Canada eyes South Africa’s doctors as next brain drain looms amid uncertainty over NHI

The medical brain drain is likely to affect rural communities the most, experts say. File Picture: Tracey Adams/ African News Agency (ANA)

The medical brain drain is likely to affect rural communities the most, experts say. File Picture: Tracey Adams/ African News Agency (ANA)

Published Jul 26, 2023


Developed countries such as Canada and the UK who are battling a severe skills shortage have set their sights on South Africa.

A gathering storm has been forming in the healthcare sector as the country forges ahead with implementing the National Health Insurance (NHI).

Uncertainty surrounding the scheme's practical implementation has prompted an exodus of skilled workers, exacerbating the country’s ongoing "brain drain" crisis.

The brain drain is not only a problem for the health care sector. South Africa is also losing skilled workers in other fields, such as engineering, IT, and finance. This is having a negative impact on the country's economy and its ability to compete globally.

In addition, the British department of education announced an offering for international relocation payments of about R243,400 to foreign physics and language teachers – with their target set firmly on, among others, South African teachers.

And recently, an immigration report out of Canada revealed that hundreds of South African healthcare professionals and IT workers have entered Canada’s newly launched Express Entry pool for permanent residency.

The recent surge in applications for permanent residency by South Africa professionals is in response to the Canadian government’s new category-based selection criteria that will be administered through Canada’s flagship economic immigration programme, Express Entry.

Last month Canada identified close to 80 job types over five key sectors of the economy, with a primary focus on Healthcare and IT occupations.

“This is essentially the new ‘critical skills’ list that we have been waiting for the last two years,” said Nicholas Avramis, a South African-based Canadian immigration consultant.

According to Avramis, his office has signed up over 150 healthcare and IT workers in the last two weeks.

“It used to be that Canada would randomly select applicants in the pool based solely on age, education, and English language proficiency, while those things are still important, the system will first filter applicants based on their job type. This is a game changer,” he said.

In the past decade, the country has witnessed an alarming emigration of highly trained medical professionals.

The main driving force behind this new exodus is a pervasive sense of distrust.

Doctors are unsure if the government can effectively implement and manage the proposed NHI, said Dr Mzukisi Grootboom, chairman of the South African Medical Association (Sama).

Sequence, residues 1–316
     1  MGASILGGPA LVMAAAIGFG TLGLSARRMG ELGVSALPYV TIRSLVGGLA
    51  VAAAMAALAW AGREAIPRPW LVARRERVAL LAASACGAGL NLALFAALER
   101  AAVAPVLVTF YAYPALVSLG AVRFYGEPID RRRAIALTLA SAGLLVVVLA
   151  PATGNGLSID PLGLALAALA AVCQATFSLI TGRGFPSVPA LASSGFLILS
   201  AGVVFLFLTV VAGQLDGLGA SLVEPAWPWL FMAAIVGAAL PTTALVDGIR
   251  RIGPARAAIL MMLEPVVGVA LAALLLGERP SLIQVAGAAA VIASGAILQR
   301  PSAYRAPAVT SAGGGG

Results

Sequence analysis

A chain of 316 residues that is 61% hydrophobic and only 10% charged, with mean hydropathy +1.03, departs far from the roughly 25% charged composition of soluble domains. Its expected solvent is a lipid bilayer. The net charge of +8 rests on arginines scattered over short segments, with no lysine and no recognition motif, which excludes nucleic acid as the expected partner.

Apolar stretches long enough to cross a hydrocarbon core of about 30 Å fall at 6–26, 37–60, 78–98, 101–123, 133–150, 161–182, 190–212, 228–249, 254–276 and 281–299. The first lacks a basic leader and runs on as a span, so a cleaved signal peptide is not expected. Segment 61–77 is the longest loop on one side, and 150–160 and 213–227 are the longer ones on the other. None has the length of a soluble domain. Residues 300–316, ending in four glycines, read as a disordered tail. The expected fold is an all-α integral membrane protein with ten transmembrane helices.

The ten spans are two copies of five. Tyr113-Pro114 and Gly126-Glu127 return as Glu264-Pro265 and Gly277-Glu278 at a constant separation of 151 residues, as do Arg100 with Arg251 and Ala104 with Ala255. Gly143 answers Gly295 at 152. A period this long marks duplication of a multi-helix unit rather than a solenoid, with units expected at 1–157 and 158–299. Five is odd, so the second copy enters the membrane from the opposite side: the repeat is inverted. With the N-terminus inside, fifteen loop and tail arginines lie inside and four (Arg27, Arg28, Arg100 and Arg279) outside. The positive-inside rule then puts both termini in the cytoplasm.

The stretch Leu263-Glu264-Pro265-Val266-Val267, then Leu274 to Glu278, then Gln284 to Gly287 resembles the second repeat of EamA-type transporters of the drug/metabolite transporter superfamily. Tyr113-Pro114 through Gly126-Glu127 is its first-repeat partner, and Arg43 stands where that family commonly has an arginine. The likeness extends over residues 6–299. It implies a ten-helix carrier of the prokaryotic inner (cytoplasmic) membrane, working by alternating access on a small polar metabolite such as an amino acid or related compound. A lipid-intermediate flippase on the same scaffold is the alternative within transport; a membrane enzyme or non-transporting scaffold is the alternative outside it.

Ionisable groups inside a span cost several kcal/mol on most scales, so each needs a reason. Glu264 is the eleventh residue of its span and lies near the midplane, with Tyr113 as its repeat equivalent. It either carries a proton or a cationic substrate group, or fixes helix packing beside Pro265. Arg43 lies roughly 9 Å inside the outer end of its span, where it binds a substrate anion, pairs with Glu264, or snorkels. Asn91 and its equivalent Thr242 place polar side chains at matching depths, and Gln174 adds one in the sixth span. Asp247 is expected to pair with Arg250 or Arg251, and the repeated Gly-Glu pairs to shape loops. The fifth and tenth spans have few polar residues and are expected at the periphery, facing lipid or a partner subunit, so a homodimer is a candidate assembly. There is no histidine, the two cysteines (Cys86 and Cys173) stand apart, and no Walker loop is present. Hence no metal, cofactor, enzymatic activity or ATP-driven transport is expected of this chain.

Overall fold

“The reality is that all those South African doctors and nurses going to Canada and to the United Kingdom are going to countries that have their own kind of universal health coverage.

“So basically, there needs to be some reassurance on the part of the government about the ability to manage the local process. And it's regrettable that nothing has been done, despite the fact that there have been some pilot sites for NHI, but we have not been told what the outcome is.

“The crux of the matter is the trust deficit that exists between the population and doctors in this instance and the government. There's a huge trust deficit, which the government needs to work on, because their track record is very unfortunate because the people of South Africa deserve better,” he said.

Skilled Professionals Leaving South Africa

A survey conducted by Sama showed that up to 38% of its members plan to emigrate from South Africa due to the planned introduction of the NHI.

The departure of these skilled professionals would have a tangible impact on service delivery.

Already, South Africa has a significantly lower doctor-to-patient ratio than the WHO-recommended threshold, a gap that is expected to widen with this exodus. Rural communities, which are already under-served, are likely to be the hardest hit. A shortage of healthcare professionals could lead to longer waiting times, poorer patient outcomes, and an overstretched health system teetering on the brink of collapse.

The emigration of skilled professionals also presents a significant economic drain. The country invests a substantial amount in the education and training of medical professionals, but it’s foreign countries that are reaping the benefits. The resultant knowledge and skills transfer negatively impacts South Africa's capacity to drive innovation and development in its health sector.

A snapshot of South Africa’s brain drain:

  • In 2018, an estimated 10,000 South African professionals emigrated to the UK.
  • In 2019, that number increased to 12,000.
  • In 2020, the number of South African professionals emigrating to the UK declined to 8,000, due to the Covid-19 pandemic.
  • In 2021, the number of South African professionals emigrating to the UK rebounded to 10,000.
  • In 2022, the number of South African professionals emigrating to the UK is estimated to be 12,000.

The brain drain to other countries such as Australia, Canada and New Zealand is also significant. In 2022, an estimated 5,000 South African professionals emigrated to each of these countries.

IOL News